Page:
Gold, silver and bronze for Aksel Lund Svindal
Norwegian Alpine star Aksel Lund Svindal left Vancouver with a gold, silver and bronze medal. A world champion at both junior and senior levels, the Norwegian had competed in all five Alpine events in Turin four years previously, but failed to take a medal, his best result coming in the super-G, where he placed fifth. Though his promise was plain to see, his trophy cabinet remained empty.
After winning the overall World Cup title in 2007 he suffered a racing accident that sidelined him for almost a year. His comeback was spectacular, as he regained the overall World Cup title in 2009 and hit a rich vein of form in the lead-up to the Vancouver Games.
This time, he entered just four events. The first of them was the downhill, an epic contest, in which the top three finishers were separated by less than a tenth of a second. Svindal lost time at the top of the course to trail Bode Miller by 0.79 seconds, but skied the middle and bottom sections perfectly to dip past the American by 0.02 seconds. His run was still not enough for gold, which went to Didier Défago, who came in 0.07 seconds faster.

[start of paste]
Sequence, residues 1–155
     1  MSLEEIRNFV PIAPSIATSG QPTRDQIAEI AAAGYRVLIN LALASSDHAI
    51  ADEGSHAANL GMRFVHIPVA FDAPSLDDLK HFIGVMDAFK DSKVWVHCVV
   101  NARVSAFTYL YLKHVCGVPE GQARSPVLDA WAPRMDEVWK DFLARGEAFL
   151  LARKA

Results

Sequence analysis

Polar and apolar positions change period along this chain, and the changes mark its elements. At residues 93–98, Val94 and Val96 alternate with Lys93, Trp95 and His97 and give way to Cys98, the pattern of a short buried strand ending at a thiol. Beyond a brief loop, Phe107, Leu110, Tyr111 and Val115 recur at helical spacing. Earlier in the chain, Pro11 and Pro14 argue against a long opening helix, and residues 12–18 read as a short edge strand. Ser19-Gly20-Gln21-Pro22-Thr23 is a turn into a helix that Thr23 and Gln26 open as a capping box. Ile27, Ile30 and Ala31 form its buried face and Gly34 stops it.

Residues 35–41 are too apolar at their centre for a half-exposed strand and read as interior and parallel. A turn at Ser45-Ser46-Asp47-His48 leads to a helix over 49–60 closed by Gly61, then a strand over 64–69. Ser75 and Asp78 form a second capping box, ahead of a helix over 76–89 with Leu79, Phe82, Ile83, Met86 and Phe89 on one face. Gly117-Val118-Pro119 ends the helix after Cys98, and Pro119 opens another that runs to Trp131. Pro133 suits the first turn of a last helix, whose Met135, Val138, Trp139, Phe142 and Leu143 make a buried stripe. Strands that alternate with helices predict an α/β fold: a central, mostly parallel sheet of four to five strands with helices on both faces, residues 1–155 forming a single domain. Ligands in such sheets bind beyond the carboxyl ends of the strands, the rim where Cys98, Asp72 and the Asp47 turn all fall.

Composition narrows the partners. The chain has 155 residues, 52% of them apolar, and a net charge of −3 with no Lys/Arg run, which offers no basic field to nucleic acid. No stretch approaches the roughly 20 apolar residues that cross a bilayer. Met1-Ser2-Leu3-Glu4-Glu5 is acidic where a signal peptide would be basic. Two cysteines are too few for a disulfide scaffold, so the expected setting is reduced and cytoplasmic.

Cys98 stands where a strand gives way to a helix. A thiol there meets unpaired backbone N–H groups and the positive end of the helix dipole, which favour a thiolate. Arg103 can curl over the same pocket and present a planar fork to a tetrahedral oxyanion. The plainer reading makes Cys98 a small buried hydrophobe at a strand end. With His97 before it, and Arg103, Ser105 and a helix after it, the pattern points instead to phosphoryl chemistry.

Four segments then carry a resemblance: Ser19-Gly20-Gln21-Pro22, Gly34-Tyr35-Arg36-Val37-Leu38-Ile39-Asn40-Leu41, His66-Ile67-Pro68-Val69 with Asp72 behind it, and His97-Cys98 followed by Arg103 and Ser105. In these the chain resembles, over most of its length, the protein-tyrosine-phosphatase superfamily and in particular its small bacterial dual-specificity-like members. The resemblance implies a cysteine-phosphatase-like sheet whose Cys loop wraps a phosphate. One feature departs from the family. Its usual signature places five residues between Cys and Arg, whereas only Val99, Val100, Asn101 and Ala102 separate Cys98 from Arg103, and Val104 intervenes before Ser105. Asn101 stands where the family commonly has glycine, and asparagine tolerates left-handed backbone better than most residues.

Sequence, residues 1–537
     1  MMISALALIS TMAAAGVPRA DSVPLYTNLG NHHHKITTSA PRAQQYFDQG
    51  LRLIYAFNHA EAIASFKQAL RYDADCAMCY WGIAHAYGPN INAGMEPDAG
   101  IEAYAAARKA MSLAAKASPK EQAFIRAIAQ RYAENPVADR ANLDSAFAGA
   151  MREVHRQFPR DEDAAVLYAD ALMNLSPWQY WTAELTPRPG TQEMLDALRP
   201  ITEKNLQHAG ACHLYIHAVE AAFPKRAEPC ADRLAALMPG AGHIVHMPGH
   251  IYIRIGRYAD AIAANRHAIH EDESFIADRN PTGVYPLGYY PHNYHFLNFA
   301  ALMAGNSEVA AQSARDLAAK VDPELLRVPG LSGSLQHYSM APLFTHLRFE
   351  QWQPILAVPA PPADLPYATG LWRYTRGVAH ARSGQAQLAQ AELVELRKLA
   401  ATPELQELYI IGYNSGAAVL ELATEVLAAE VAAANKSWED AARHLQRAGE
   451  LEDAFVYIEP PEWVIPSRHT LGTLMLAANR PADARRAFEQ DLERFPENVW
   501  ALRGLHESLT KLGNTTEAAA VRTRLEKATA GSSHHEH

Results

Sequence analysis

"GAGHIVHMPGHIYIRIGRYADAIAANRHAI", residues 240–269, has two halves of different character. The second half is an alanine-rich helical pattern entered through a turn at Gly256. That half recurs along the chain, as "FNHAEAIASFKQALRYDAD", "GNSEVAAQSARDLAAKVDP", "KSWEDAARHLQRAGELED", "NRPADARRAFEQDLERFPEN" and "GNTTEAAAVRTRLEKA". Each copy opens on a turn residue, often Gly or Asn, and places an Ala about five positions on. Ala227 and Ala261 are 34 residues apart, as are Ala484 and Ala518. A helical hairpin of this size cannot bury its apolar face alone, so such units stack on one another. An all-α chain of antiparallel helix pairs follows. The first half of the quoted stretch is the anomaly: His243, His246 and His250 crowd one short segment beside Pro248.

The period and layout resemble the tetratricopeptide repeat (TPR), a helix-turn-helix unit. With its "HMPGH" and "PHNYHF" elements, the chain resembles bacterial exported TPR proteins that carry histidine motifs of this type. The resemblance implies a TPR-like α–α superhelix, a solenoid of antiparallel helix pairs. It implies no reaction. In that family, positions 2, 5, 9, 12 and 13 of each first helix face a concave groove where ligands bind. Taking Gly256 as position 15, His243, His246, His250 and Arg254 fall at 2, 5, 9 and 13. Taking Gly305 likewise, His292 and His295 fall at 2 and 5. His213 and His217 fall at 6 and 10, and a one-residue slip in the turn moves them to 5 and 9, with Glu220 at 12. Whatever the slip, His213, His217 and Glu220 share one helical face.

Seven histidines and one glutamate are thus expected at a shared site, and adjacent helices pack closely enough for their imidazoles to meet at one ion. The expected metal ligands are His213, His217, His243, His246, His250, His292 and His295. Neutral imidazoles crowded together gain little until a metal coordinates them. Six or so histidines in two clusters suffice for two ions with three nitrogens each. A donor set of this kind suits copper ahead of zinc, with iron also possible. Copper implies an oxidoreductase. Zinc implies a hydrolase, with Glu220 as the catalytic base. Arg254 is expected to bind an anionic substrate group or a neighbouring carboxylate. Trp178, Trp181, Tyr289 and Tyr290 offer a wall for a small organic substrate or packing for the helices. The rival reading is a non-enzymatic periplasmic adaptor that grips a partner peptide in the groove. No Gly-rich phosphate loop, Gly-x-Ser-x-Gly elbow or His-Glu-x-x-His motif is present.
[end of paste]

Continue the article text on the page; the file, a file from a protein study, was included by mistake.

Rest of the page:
Nevertheless, thanks to Lund’s performance Norway became the first country to win 100 silver medals at the Winter Olympics.
He soon atoned for his disappointment at missing out on downhill glory by taking the honours in the super-G. Third to race, the USA’s Andrew Weibrecht set the early pace, only for his compatriot Bode Miller to eclipse his time by 0.03 seconds. Svindal then launched into his run. Making a less than perfect start, he trailed Miller by 0.3 seconds at the split, but, just as he did in the downhill, the Norwegian raised his game, stopping the clock 0.28 seconds ahead of Miller to make the gold medal his. Weibrecht hung on for a bronze, an amazing result for a skier who had never finished higher than tenth in a World Cup race.
Svindal did not stop there, going on to claim a bronze in the giant slalom, just behind team-mate Kjetil Jansrud. His good fortune came to an end in the combined, however. Fastest in the downhill leg, Svindal missed a gate in the slalom and failed to register a time.
The setback did not take the gloss off his overall performance, with Svindal leaving Vancouver as one of the Games’ standout athletes and the proud owner of a medal of each colour.